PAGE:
The Southwestern Historical Quarterly, Volume 47, July 1943 - April, 1944 Page: 163
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of previous study, the part of the work already finished, and
the time estimated to bring the work to completion. Also a
statement should be made of the further contemplated expenses
and the loss in salary that might be involved in dropping normal
duties and devoting full time to completion of a manuscript.
All communications and inquiries should be addressed: Com-
mittee on Grants-in-Aid, The Texas State Historical Association,
Box 2145, University Station, Austin 12, Texas.
Dr. Eugene C. Barker is the present chairman of the Com-
mittee, with President L. W. Kemp and Vice-President Herbert
P. Gambrell as the other members. The Committee has recently
made two additional grants: (1) John McCarty, Amarillo, Texas,
for the completion of a manuscript on "Old Tascosa, Cowboy
Capital of the Panhandle," and (2) J. W. Williams, Wichita
Falls, Texas, for the completion of a manuscript on "The Early
Trails of West Texas."
Four times within the last year Charles Messer Stow, "the
Quester" of The New York Sun, has carried on his page articles
relating to the work of the Association. Mr. Stow wrote recently,
"I seem to have developed a great interest in Texas in the last
few years." His latest Texas contribution from The Sun of Sep-
tember 3, 1943, deals with the Handbook:
HISTORIANS SEE NO GLITTER IN GENERALITIES
SINCE THEIR JOB DEMANDS AUTHENTIC DATES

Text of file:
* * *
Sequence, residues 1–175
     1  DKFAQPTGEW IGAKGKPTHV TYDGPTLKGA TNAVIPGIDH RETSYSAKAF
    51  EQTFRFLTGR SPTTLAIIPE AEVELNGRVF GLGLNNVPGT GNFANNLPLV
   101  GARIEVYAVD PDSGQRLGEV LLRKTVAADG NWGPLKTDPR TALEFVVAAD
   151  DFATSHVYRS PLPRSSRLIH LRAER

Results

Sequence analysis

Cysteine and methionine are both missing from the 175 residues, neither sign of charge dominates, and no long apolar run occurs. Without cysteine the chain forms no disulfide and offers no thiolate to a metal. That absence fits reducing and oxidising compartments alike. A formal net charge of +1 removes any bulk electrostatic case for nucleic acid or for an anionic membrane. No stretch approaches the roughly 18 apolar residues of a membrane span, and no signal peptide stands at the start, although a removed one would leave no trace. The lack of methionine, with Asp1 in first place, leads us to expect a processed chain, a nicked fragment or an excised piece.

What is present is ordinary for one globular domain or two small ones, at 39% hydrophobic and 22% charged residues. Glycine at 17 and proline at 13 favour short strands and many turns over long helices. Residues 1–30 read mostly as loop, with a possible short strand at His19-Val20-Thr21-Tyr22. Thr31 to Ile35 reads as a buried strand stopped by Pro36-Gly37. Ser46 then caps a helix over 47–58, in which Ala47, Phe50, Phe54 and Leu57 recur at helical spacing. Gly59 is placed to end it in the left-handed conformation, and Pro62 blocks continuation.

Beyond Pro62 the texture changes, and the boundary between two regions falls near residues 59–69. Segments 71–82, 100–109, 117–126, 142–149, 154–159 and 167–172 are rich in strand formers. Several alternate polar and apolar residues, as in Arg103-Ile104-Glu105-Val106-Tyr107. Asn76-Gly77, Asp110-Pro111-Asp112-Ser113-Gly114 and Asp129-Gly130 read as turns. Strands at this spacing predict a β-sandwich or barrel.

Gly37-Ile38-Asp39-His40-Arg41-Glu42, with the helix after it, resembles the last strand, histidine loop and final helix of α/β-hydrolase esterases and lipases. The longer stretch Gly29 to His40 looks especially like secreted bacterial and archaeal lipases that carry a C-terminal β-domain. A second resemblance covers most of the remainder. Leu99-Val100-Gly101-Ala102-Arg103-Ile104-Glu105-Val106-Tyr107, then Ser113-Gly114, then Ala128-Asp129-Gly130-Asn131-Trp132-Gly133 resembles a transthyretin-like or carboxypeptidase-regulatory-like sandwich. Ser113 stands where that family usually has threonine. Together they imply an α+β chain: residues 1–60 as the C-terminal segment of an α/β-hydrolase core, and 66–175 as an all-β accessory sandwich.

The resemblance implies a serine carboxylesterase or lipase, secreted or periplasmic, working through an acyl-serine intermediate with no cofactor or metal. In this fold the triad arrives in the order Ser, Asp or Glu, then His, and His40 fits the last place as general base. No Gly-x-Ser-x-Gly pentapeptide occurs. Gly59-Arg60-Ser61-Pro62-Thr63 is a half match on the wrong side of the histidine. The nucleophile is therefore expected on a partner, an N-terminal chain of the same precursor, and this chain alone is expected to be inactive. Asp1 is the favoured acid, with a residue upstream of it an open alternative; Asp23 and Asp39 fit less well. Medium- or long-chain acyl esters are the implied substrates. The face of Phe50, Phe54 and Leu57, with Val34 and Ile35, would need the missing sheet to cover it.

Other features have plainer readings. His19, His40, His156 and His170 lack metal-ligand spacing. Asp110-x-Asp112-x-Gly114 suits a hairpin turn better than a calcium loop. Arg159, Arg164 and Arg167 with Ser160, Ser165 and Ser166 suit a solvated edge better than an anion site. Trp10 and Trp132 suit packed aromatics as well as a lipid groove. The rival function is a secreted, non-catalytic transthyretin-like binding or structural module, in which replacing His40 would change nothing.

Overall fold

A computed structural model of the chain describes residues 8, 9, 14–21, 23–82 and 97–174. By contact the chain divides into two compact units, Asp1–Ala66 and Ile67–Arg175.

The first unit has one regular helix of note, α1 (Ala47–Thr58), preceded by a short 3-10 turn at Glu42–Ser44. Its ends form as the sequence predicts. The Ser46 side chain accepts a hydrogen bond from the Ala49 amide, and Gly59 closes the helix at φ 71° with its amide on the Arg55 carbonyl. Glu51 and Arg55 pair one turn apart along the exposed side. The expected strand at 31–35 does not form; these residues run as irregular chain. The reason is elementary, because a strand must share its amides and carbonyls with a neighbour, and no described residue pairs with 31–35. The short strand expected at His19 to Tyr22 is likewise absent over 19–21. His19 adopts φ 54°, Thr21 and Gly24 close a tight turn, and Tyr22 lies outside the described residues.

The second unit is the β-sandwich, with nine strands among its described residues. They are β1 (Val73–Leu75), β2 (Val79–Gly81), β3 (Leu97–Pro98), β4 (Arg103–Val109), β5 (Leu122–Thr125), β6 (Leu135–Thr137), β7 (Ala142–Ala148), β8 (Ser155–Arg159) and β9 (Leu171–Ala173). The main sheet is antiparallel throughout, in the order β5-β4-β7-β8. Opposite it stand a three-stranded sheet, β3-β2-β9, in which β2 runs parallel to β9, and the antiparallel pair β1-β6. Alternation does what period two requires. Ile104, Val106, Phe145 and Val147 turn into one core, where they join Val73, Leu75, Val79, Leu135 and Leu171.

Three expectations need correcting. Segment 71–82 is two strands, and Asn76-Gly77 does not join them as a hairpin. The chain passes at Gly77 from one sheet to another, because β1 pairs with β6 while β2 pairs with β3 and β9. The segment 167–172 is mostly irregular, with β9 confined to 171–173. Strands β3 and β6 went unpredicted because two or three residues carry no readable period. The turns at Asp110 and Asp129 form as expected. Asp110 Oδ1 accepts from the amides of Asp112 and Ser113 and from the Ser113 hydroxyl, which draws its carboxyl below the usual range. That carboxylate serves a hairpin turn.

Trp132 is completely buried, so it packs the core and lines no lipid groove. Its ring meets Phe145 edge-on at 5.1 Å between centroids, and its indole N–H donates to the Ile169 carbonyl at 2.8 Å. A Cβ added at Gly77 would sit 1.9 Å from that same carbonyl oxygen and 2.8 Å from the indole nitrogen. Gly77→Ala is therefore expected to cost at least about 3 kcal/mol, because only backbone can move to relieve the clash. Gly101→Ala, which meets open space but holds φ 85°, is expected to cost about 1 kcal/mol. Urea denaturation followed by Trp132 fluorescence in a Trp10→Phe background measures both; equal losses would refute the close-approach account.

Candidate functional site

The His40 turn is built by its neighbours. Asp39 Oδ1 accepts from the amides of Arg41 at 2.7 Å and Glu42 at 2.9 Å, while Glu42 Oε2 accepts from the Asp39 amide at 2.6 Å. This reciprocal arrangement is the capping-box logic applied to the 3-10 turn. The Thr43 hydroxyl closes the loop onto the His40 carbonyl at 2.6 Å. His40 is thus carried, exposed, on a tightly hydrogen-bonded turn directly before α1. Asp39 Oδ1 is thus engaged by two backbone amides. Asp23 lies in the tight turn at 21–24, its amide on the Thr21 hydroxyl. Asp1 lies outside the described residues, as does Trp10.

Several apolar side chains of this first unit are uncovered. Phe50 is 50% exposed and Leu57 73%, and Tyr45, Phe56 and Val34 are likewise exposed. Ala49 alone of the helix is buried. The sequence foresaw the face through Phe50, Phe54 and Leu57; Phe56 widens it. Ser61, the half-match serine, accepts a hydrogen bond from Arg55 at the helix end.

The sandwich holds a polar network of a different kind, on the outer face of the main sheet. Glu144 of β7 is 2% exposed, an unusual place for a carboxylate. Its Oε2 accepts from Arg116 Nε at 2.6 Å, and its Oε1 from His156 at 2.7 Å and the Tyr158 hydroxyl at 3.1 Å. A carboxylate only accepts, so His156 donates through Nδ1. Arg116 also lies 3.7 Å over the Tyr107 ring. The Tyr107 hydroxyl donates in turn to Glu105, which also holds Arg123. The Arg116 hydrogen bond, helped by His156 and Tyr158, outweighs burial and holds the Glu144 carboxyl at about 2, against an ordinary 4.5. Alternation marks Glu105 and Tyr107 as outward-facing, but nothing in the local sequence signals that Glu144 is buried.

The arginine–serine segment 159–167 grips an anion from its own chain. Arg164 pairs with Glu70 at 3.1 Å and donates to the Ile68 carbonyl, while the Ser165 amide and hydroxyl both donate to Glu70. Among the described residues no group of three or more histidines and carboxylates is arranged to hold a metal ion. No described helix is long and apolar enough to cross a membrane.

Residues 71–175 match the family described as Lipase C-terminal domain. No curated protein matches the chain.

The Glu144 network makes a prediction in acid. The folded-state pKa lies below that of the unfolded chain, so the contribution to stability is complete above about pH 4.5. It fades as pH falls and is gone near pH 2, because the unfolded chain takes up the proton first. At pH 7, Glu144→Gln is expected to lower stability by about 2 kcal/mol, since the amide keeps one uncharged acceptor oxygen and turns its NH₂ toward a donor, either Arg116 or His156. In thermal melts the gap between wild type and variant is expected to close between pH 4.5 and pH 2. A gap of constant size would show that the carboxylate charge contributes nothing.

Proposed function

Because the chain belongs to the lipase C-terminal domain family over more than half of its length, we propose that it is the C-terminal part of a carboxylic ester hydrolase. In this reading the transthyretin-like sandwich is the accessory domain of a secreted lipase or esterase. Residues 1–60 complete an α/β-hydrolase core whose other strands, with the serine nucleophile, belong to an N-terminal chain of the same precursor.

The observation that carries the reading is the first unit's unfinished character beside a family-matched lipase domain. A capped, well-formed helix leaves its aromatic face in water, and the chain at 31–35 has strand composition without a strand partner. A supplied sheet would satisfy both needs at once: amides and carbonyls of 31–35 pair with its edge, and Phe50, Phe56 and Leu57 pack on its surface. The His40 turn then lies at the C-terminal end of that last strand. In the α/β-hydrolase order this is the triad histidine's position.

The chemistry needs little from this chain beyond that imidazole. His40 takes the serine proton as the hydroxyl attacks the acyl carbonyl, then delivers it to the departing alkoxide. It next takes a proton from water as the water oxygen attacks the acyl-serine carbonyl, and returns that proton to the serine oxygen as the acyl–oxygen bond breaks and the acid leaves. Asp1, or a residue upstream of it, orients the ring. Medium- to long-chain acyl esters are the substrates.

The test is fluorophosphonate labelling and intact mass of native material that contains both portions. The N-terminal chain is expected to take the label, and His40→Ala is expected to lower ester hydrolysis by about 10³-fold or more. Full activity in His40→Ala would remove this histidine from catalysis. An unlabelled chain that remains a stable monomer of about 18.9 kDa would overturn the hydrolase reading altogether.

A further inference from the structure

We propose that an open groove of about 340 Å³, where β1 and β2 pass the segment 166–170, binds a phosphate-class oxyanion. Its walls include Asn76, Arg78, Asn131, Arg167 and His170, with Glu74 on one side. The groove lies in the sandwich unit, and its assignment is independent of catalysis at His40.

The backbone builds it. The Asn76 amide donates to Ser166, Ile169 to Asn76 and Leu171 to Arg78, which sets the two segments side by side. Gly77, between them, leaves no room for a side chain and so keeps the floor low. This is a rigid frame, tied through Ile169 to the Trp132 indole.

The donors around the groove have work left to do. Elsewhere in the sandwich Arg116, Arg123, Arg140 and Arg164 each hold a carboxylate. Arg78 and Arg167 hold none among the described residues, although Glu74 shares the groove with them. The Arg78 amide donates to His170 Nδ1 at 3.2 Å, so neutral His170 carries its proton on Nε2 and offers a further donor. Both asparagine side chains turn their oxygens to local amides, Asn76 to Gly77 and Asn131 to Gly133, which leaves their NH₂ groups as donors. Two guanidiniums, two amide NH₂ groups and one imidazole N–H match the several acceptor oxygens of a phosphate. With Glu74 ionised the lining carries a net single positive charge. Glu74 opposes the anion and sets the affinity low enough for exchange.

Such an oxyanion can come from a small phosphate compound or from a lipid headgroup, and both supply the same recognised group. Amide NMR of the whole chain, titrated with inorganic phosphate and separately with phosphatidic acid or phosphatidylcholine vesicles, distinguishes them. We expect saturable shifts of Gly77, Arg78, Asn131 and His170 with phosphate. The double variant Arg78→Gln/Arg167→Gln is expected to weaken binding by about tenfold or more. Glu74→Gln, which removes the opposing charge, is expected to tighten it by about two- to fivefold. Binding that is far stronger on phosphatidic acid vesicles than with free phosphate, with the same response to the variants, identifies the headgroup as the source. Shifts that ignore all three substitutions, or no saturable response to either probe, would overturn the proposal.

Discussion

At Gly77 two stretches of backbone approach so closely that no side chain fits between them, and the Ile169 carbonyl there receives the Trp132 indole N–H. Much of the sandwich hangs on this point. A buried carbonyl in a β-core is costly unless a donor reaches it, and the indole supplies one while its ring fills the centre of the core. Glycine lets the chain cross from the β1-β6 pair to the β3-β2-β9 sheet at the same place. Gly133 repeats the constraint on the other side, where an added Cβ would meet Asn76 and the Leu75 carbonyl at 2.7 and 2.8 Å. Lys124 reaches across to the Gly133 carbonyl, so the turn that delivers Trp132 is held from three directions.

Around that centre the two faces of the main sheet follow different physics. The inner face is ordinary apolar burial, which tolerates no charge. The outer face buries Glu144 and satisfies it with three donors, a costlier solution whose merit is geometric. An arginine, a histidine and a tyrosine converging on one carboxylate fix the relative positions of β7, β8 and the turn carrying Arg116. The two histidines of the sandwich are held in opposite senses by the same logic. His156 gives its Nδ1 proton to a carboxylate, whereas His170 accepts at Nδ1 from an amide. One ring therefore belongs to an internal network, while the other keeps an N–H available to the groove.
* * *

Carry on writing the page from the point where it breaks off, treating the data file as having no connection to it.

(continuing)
Word comes that work is going ahead on The Handbook of Texas,
a two-volume compilation suggested by the Texas State Historical Asso-
ciation. Like the Texas it describes, it has got everything, the Quester
The historical association has been busily digging up topics to be dis-
cussed in the handbook. The Quester has no inkling of the subjects to
be included, but he would make bold to offer one suggestion, and if it
has already been considered, emphasis will do no harm.
He hopes the phrase "many years ago" will not appear between the
handbook's covers. He would also warn against "about a hundred years
ago." Both of these are the despair of the seeker for information and
the infuriation of the historian.
What the casual user of the handbook will desire and what the historian
will demand is a concise, accurate and well organized statement of facts
about Texas, and exact dates.
Writers of the nineteenth century were careless about their dates.
"Several years ago . . ." is a red rag to a seeker for information. How
many are several? How accurate is the writer's knowledge or how
credible is the old inhabitant who gives him facts? Through a score of
years spent in writing about antiques the Quester has ended each year
with less faith in "family tradition." Now he is inclined to distrust it
entirely unless it is backed up with written data exactly dated.
There was an old lady who wanted, when her time grew short, to leave
everything in good order, for she owned many valuable antiques. So she
Here’s what’s next.
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Texas State Historical Association. The Southwestern Historical Quarterly, Volume 47, July 1943 - April, 1944, periodical, 1944; Austin, Texas. (texashistory.unt.edu/ark:/67531/metapth146054/m1/181/: accessed August 18, 2017), University of North Texas Libraries, The Portal to Texas History, texashistory.unt.edu; crediting Texas State Historical Association.